I was already grouchy when I woke up yesterday, shuffling through my bedroom in the dark to find my robe. Enter kitchen: bright lights, breakfast in full swing and the on-going discussion if we had anything good to pack for school lunches when I noticed a spill on the floor.
(Read this blog post to truly understand the tragedy of this occurrence.)
Like a crime scene, the broken dish sat on the kitchen counter and I pieced together the evidence. It appeared someone had opened the refrigerator and out crashed my bowl of cranberry sauce. To add insult to injury, who ever had spilled it did a mediocre clean-up job.
“What happened to my cranberry sauce!” roared a tired momma bear.
The cranberry culprit was identified, lectured and reprimanded. He apologized and completed a more acceptable clean-up.
The kids left for school, Eden and I cuddled in the rocking chair and I didn’t even know where to start. I could go back to bed, clean my house, go to the gym? Or I could sit and pout! Option #4 was looking best for me.
I’m not proud of it, but I’ve had these thoughts more then once since becoming pregnant.
I can’t do this.
It’s too hard.
Most times I can push such feelings aside, but yesterday, I decided to play with them for a while just to see how they felt rolling around in my mind.
Feel all the aches and pains.
Feel sorry for yourself.
Do not bake pumpkin cookies.
Self absorbed, overwhelmed and tired. It was just enough to keep me in my crabby mood. Oh, did it feel good to have the arms of gloom wrapped around me! It meant I didn’t have to do anything but wallow.
Until 3:00 o’clock, here comes my oldest son
Chandler. He rides his bike home from high school and
enters the back gate; happy, smiling and rushed to greet me with a hug.
When did he get so tall? He’s strong, independent and cheerful. My son puts his arms around me and strength enters my heart.
I let his love gently heal my heart, like the first pump of air in a flat tire when later Mayer showed me his completed homework, Reef overcome with delight when Grandma offered to take him to play with a cousin, Payson making a mature decision about a choice he’d been struggling with and than Eden – who spent an hour on artwork delighted to show me her completed painting of princess Ariel. The counselor calls to check in on me and my mom stops by with the gift of a stretchy skirt (Lord knows I need more of those). Each positive task provided another pulse of much needed encouragement.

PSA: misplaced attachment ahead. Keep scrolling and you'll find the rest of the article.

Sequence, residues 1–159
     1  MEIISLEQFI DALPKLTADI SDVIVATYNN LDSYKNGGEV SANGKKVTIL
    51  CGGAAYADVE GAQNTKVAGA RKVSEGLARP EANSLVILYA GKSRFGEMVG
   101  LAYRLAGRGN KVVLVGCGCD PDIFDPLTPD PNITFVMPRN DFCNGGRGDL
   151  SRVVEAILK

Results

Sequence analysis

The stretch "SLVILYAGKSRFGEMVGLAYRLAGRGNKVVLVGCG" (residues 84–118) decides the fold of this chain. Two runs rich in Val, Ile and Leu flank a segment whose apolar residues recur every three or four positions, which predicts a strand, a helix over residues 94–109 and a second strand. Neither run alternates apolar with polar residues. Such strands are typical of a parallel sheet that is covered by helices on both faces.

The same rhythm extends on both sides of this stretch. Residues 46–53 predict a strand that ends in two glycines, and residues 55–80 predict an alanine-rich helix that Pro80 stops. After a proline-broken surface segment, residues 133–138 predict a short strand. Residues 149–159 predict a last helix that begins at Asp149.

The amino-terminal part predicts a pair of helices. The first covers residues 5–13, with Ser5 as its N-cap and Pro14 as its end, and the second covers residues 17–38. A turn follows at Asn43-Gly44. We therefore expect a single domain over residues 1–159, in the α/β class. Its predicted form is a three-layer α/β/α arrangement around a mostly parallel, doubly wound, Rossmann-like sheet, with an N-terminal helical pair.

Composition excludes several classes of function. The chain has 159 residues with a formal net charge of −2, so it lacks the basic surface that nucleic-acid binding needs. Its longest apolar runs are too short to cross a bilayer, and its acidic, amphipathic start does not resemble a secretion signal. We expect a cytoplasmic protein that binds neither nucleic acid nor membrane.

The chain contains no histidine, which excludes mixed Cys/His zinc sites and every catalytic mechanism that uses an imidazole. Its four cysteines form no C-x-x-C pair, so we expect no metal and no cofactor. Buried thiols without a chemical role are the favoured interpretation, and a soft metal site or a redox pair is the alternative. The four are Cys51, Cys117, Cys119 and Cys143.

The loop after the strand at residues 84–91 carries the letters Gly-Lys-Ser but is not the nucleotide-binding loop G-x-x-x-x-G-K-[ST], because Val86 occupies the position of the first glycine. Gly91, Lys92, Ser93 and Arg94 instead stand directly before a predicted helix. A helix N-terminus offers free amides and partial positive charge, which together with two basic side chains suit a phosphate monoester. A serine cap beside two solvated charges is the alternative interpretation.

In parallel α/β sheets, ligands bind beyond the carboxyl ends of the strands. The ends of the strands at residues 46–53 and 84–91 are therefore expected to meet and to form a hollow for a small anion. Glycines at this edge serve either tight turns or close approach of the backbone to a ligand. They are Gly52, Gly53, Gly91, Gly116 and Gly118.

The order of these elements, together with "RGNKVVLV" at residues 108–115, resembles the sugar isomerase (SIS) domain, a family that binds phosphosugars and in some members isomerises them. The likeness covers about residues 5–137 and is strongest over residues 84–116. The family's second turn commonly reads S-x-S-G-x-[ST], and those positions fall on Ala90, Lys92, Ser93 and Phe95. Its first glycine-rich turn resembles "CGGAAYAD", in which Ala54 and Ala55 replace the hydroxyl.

Slowly, slowly, my heart began to feel with little breathes of hope, like optimistic CPR feeling my lungs with oxygen. The "pouting me" wanted to fight it off, but the energy of all the good things in my life was too strong.
My children and family provided an actual physical healing to my weary heart. Later that night, we gathered to have family prayer when I had the idea:
Life was hard today because I believed the false premise “life should be easy?”
Certainly there are choices and consequences, hard work and discipline, miracles and fate; but there’s no promise anywhere in the universe that life is going to be easy.
The belief “life should be easy” had left me incredibly discouraged.
Discouragement - opposite of gratitude had got to me again! Now that I know what I was battling, I think it will be easier to combat next time.
“Discouragement is not the absence of adequacy but the absence of courage.”
― Neal A. Maxwell
Courage, faith, hope, love, persistence, determination – these life-changing gifts from God can be found all around us and they are the enemies of discouragement. (Insert imaginary sword fight between discouragement and hope).
What a blessing to find love and encouragement in the hearts of my children; although I still need to get out and buy some more cranberry sauce.